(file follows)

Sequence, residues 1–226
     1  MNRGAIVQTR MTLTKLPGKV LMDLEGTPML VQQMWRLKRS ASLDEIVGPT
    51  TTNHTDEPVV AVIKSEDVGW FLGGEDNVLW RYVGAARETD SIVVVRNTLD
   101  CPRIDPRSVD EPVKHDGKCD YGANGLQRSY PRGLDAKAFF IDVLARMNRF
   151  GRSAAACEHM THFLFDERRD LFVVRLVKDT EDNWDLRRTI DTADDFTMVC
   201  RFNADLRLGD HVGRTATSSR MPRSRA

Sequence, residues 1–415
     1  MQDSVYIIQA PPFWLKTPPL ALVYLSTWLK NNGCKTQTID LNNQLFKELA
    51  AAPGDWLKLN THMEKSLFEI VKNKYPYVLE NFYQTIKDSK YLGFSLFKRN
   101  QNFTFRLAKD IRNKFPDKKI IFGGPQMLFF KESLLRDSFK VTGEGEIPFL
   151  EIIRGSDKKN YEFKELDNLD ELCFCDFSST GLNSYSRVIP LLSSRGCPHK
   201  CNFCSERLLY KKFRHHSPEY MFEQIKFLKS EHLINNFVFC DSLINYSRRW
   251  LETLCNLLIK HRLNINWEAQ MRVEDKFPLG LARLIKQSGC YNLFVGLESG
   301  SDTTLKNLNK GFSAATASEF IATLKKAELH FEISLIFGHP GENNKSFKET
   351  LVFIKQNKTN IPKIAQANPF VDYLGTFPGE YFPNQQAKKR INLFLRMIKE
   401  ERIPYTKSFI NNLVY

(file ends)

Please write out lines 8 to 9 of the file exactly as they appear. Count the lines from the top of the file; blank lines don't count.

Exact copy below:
     1  MQDSVYIIQA PPFWLKTPPL ALVYLSTWLK NNGCKTQTID LNNQLFKELA
    51  AAPGDWLKLN THMEKSLFEI VKNKYPYVLE NFYQTIKDSK YLGFSLFKRN